Chat platforms such as Discord, Slack, and Telegram have become quite popular as office communication tools, with all three of the aforementioned examples, in particular, enjoying healthy patronage from businesses and organizations all over the world. One big reason for this is that these chat platforms allow their users to integrate their apps onto the platforms themselves through the use of their APIs. This factor, when applied to a work environment, cuts down on the time spent switching from app to app, thus resulting in a streamlined workflow and in increased efficiency. But one thing must be asked, especially with regard to that kind of feature: Can it be abused by cybercriminals? After all, we have seen many instances where legitimate services and applications are used to facilitate malicious cybercriminal efforts in one way or another, with IRC being one of the bigger examples, used by many cybercriminals in the past as command-and-control (C&C) infrastructure for botnets.
Turning Chat Platform APIs Into Command & Control Infrastructure
Our research has focused on analyzing whether these chat platforms APIs can be turned into C&Cs and to see whether there is existing malware that exploits that. Through extensive monitoring, research, and creation of proof-of-concept code, we have been able to demonstrate that each chat platform’s API functionality can successfully be abused – turning the chat platforms into C&C servers that cybercriminals can use to make contact with infected or compromised systems.
API-abusing Malware Samples Found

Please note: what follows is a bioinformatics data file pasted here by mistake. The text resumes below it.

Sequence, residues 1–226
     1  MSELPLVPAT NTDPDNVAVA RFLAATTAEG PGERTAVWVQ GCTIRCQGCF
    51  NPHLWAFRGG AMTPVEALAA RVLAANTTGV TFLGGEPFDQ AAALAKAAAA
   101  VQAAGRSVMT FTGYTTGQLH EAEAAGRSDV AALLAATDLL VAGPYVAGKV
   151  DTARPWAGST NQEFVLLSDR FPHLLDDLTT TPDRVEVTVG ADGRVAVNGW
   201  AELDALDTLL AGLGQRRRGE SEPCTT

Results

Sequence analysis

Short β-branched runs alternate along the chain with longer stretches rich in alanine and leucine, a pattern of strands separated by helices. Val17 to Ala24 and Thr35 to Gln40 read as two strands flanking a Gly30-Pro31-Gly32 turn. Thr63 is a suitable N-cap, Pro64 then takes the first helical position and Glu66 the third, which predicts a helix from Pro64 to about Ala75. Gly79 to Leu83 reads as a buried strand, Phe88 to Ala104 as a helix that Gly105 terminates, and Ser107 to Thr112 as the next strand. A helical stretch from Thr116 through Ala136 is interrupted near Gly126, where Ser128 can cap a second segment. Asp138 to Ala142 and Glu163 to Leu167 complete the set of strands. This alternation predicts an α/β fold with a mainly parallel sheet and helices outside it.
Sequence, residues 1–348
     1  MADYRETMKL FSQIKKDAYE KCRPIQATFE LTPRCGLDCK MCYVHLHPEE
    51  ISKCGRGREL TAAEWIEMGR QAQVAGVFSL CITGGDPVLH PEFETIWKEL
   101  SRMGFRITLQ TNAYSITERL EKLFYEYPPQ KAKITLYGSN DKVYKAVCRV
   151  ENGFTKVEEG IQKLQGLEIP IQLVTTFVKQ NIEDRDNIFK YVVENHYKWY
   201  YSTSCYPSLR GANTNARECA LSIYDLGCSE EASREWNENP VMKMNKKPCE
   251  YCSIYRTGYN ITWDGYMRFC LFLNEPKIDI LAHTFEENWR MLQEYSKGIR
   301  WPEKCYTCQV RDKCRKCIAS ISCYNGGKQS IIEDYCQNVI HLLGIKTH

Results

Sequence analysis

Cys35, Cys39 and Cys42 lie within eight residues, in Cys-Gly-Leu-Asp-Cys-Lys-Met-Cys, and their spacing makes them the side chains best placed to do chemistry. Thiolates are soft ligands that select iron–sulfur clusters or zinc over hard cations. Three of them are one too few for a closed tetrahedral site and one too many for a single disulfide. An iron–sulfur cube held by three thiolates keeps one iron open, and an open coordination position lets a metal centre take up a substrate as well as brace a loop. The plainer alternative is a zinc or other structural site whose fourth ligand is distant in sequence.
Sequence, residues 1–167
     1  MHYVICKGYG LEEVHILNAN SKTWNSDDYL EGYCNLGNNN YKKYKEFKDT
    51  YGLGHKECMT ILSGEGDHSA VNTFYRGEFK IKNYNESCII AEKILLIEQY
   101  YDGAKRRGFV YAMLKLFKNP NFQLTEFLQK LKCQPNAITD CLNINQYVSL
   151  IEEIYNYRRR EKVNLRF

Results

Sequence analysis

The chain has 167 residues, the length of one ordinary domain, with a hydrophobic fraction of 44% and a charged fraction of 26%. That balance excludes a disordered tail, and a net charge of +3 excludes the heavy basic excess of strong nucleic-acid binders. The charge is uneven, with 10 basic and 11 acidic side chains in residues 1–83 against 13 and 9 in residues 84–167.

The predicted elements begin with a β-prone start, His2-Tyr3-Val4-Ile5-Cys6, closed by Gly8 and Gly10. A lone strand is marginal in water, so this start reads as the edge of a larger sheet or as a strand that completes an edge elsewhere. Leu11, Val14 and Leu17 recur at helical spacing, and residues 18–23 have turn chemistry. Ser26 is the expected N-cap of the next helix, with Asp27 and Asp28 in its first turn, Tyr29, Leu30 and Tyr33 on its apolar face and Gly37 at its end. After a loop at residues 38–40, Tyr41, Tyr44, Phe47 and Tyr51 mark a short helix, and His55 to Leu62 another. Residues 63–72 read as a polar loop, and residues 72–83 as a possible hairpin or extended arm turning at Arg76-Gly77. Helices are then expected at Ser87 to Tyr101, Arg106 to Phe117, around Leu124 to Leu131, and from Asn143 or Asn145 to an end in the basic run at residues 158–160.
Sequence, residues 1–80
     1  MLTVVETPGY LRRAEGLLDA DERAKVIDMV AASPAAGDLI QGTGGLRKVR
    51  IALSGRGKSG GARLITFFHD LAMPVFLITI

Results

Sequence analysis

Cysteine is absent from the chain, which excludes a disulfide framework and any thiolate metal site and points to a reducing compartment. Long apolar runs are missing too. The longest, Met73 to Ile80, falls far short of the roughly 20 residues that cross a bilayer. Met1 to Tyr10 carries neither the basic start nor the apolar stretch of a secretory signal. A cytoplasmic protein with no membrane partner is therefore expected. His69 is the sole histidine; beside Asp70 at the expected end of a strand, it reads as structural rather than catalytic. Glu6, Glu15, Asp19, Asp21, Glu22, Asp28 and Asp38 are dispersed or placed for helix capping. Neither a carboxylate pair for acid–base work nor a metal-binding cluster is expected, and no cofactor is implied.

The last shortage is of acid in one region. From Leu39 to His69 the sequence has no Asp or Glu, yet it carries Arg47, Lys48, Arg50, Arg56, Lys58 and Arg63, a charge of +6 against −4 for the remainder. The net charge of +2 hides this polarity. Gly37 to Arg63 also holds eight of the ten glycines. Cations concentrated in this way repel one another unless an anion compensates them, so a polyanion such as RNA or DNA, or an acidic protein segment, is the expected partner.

Our extensive monitoring of the chat platforms has also revealed that cybercriminals are already abusing these chat platforms for malicious purposes. In Discord, we have found many instances of malware being hosted, including file injectors and even bitcoin miners. Telegram, meanwhile, has been found to be abused by certain variants of KillDisk as well as TeleCrypt, a strain of ransomware. As for Slack, we have not yet found any sign of malicious activity in the chat platform itself at the time of this writing.
What makes this particular security issue something for businesses to take note of is that there is currently no way to secure chat platforms from it without killing their functionality. Blocking the APIs of these chat platforms means rendering them useless, while monitoring network traffic for suspicious Discord/Slack/Telegram connections is practically futile as there is no discernible difference between those initiated by malware and those initiated by the user.
With this conundrum in mind, should businesses avoid these chat platforms entirely? The answer lies in businesses’ current state of security. If the network/endpoint security of a business using a chat platform is up to date, and the employees within that business keep to safe usage practices, then perhaps the potential risk may be worth the convenience and efficiency.
Best Practices for Users
Best Practices for Businesses
The complete technical details of our research can be found in our latest paper How Cybercriminals Can Abuse Chat Program APIs as Command-and-Control Infrastructures.
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